Alperovitz argues that the atomic bomb was unnecessary to end World War II for the following reasons:
1. The Japanese government wanted to surrender; its leaders, military as well as civilian, rationally understood that the war was lost. But they had a determined attachment (irrational?) to the emperor. Japan would have surrendered, very possibly as early as June 1945, had its ruling establishment received guarantees of the emperor’s personal safety and continuance on the throne. This should have been the first step in an American surrender strategy.
2. Any remaining Japanese reluctance to quit the war would have been quickly overcome by the second step, entry of the Soviet Union in August 1945.
3. American failure to accept and implement this “two-step logic” for an expeditious end to World War II was largely a result of the emerging Cold War and especially American concern over Soviet ambitions in Eastern Europe and northeast Asia.
4. The American public would have accepted some modification of the unconditional surrender policy in order to avoid prolongation of the war. The Washington Post and Time magazine advocated its abandonment; so did some United States senators. Many military leaders and diplomats-British as well as Americanconcurred.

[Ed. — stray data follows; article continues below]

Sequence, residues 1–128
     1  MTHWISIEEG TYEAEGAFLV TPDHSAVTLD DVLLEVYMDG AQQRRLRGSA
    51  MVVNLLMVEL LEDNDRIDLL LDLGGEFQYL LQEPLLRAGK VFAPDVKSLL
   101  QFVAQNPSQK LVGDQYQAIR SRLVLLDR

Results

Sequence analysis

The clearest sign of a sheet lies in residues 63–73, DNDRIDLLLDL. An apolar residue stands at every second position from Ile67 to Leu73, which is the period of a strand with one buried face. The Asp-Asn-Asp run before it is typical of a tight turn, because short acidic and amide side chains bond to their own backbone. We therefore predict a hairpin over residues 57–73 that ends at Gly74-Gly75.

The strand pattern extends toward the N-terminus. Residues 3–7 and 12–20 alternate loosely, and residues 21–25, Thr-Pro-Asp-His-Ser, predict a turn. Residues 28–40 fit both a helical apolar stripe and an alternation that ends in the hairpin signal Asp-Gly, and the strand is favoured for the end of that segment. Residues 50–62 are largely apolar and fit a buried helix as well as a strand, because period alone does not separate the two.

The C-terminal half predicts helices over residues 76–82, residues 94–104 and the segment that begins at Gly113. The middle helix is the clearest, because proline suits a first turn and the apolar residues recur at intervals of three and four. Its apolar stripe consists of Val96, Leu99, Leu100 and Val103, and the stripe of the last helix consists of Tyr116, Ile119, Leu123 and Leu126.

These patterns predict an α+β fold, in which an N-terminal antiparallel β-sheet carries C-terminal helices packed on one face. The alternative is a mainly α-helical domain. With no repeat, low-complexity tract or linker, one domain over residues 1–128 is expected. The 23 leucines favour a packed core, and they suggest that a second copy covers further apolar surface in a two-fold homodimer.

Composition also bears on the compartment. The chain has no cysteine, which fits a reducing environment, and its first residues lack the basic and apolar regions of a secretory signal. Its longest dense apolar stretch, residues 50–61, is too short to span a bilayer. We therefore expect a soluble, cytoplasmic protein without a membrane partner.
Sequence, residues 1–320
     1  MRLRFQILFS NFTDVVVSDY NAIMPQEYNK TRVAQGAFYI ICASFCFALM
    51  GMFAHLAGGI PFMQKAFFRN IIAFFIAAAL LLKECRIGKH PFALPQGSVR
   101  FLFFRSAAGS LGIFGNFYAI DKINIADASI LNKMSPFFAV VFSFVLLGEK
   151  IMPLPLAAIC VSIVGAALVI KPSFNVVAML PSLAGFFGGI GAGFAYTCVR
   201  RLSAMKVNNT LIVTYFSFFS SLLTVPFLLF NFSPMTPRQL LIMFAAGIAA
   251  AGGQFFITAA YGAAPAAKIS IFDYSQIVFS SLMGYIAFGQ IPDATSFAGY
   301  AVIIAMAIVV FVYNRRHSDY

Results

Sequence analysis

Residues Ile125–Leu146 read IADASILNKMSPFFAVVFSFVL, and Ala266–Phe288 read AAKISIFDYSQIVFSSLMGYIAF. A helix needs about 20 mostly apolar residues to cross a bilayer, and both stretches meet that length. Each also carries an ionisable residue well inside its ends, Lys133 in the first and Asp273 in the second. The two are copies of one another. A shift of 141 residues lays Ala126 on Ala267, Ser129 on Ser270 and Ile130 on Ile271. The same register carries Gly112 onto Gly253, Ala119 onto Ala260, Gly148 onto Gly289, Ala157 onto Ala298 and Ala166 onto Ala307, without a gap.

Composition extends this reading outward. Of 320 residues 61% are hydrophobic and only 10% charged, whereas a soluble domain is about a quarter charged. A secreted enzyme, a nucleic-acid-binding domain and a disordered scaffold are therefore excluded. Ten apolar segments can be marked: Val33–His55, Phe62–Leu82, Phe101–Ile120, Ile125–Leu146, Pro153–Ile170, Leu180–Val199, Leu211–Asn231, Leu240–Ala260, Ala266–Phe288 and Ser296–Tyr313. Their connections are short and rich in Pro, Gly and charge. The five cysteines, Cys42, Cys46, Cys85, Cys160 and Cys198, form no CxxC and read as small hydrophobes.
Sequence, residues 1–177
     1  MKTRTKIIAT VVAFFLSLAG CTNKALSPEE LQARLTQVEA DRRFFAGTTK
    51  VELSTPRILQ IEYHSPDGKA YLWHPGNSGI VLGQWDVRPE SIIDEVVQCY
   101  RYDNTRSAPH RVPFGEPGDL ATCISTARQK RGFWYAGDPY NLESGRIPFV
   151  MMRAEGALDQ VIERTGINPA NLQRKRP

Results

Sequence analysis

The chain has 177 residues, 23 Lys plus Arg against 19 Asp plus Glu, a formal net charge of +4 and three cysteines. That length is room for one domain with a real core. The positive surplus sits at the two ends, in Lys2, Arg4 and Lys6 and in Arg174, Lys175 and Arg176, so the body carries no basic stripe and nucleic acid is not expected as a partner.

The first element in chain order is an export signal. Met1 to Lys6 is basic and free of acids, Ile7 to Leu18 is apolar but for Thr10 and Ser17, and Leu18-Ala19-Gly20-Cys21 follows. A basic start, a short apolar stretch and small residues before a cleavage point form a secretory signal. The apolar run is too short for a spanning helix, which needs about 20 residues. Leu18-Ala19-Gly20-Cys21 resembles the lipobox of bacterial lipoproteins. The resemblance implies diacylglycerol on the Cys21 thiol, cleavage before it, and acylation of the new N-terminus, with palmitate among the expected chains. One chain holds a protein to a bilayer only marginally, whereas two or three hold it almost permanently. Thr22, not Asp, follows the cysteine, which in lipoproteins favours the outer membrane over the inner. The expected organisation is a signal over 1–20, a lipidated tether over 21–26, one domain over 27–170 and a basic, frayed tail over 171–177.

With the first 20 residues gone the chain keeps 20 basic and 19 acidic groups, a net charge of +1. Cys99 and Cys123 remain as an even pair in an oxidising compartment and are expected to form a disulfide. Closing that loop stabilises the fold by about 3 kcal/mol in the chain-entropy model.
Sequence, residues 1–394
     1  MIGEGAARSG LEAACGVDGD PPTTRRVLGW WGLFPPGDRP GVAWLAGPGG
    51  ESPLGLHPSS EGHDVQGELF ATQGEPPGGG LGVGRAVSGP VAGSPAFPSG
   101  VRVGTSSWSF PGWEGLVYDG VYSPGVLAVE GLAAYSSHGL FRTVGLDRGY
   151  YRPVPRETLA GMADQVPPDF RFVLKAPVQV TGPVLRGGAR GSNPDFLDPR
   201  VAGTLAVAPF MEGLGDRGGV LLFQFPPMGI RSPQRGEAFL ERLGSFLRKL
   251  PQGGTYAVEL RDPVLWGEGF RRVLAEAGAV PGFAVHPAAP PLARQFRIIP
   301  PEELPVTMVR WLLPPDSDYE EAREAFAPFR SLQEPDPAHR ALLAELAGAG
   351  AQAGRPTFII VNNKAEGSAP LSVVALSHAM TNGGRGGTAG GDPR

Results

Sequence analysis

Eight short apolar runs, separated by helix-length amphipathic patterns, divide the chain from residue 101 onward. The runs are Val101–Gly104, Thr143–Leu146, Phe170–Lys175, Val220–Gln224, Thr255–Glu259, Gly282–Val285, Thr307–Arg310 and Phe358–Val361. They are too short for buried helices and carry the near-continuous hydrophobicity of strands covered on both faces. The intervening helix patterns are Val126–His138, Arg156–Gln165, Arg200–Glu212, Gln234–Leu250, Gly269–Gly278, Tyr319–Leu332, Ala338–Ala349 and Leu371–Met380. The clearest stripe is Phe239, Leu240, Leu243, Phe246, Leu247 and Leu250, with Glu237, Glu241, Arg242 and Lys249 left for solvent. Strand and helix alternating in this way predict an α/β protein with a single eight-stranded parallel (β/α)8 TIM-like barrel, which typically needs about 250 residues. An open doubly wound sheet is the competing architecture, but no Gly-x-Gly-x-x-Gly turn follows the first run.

5. President Harry S. Truman seemed inclined to give assurances on the emperor, then pulled back. He did so out of concern with Soviet behavior and with increasingly firm knowledge that the United States would soon have atomic weapons available. Coming to believe that the bomb would be decisive and anxious to keep the Soviet Union out of Manchuria, he dropped modification of unconditional surrender; moreover, he sought to prevent a Soviet declaration of war against Japan by encouraging China not to yield to Soviet demands beyond those granted at Yalta. In so doing, he acted primarily at the urging of James F. Byrnes, the archvillain in the plot.